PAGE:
Winston Churchill as writer.

As the rule people accept Winston Churchill as one of the most outstanding and influential political leaders of the 20th century. In fact Churchill was also a prolific and talented writer. In 1953 he was awarded with the Nobel Prize in Literature. During the ceremony they made special mention of his The Second World War “for his mastery of historical and biographical description as well as for brilliant oratory in defending exalted human values”. Moreover Churchill wrote lots of novels and stories. His bibliography is impressive indeed.

He started his writer's career in the late 1880s when he had to do something for living. In 1895 he wrote five articles devoted to the events of the Cuban War of Independence. The series of his articles was published in the Graphic. It is hard to believe but in fact writing was Churchill's not only hobby but income source.

Quite often Winston Churchill has been confused with his American namesake. Even some booksellers make mistakes attributing works by American Churchill as works by British Prime Minister of the United Kingdom.

Mostly novels by Winston Churchill were devoted to military campaigns of the 20th century. Among them are The Story of the Malakand Field Force that reveals the military events on the Northwest Frontier; The River War depicts the events of the British reconquest of the Sudan.

The most famous work written by Churchill is definitely The Second World War. This six volume collection depicts the main historical events taking place from the end of the First World War to the summer of 1945. Churchill tried to avoid to be too judgmental and critical. He said, “I will leave judgments on this matter to history – but I will be one of the historians”. At the same time Churchill was a politician. And it definitely had its influence.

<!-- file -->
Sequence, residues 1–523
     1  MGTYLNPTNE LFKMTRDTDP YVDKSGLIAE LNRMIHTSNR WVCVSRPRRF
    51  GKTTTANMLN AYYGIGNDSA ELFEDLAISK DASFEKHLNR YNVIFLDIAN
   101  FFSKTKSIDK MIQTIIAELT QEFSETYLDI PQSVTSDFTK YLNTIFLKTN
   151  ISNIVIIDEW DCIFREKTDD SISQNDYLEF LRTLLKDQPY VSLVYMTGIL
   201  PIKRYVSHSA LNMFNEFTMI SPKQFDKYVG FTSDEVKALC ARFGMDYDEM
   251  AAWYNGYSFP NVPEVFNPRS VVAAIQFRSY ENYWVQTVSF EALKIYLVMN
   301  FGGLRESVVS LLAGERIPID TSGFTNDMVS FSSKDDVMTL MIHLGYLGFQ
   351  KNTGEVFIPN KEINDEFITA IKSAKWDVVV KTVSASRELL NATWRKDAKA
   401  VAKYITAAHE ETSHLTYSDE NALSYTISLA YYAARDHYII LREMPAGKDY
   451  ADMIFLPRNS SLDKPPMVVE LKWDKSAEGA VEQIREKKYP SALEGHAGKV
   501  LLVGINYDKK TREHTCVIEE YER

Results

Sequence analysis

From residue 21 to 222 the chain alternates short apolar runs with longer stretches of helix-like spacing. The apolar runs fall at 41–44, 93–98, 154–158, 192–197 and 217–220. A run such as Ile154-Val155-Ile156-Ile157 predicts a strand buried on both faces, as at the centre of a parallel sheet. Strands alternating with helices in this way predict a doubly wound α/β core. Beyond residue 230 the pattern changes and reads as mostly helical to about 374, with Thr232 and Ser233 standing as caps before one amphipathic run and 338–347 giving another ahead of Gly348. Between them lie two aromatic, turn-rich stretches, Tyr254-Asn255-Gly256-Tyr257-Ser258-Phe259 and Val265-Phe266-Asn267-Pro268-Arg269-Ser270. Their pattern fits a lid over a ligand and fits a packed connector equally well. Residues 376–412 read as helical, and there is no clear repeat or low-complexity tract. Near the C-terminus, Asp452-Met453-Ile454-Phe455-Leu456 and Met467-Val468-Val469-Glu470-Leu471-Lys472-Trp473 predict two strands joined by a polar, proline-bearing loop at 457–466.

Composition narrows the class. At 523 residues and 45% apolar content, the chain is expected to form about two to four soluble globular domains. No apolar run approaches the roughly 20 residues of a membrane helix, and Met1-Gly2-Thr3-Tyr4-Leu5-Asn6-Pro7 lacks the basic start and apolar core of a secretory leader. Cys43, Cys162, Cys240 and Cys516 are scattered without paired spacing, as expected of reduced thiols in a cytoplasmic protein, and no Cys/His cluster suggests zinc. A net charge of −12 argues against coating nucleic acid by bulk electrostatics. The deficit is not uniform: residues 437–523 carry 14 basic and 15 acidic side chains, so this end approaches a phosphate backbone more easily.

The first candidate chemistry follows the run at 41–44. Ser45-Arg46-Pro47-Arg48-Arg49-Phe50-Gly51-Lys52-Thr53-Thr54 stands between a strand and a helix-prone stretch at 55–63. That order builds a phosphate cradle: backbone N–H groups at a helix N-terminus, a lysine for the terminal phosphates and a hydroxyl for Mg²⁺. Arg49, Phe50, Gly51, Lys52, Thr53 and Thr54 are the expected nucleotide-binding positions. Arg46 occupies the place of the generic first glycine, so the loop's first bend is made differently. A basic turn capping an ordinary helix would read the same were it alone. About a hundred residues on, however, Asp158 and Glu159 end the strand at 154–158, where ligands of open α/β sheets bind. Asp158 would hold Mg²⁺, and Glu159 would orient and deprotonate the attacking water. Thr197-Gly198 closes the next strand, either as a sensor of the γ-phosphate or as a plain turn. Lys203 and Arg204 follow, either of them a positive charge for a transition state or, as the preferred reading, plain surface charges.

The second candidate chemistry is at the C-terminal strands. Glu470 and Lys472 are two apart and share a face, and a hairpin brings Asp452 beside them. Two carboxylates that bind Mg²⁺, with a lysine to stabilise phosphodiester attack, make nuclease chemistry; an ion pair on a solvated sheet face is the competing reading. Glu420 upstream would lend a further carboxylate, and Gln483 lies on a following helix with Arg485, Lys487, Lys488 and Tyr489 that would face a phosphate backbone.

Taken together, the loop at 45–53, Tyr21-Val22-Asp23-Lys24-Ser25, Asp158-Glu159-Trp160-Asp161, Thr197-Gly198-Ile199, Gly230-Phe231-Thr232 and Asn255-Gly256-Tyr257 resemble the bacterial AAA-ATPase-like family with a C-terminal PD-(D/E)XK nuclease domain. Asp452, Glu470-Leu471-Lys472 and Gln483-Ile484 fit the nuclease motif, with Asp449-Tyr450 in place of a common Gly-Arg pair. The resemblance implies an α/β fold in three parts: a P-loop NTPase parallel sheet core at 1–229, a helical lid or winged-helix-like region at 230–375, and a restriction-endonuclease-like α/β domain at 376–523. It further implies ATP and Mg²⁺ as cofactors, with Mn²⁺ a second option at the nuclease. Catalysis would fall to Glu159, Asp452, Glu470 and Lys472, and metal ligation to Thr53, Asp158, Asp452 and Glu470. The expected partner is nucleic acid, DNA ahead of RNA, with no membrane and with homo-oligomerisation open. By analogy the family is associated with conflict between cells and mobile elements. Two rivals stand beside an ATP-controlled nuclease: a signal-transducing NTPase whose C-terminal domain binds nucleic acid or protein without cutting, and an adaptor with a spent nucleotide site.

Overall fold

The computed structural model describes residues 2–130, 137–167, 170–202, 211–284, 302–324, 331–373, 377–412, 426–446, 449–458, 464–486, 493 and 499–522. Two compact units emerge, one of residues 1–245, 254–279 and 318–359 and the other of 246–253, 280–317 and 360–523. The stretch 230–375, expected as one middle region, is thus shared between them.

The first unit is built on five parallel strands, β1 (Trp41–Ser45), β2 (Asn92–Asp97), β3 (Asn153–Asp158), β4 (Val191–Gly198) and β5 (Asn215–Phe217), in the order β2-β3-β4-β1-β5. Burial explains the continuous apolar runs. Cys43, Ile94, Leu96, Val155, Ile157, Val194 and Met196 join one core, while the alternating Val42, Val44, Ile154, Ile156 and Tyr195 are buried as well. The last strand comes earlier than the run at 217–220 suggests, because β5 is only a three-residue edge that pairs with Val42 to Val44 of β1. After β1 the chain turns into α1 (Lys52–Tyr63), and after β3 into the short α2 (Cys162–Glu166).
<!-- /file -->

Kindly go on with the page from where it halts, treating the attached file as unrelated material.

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2 responses to “Winston Churchill as writer.”

  1. the51percent says :

    One of the greatest minds of our lifetime… at least mine. I need to know this and you can save me hours of time (as I am fortunate enough to have a job) as I ned to research this aspect of his life:

    Was he a Fabian?

    At some point in his life, at least it seems to me, he had a rude awakening and I want to know!

    I visited the underground rooms where he spoke to the British people during the Blitz and for the rest of the war.

    God we need more leaders like him… but what gave him that resolve? That is why I ask the question of socialism.

    Cheers!

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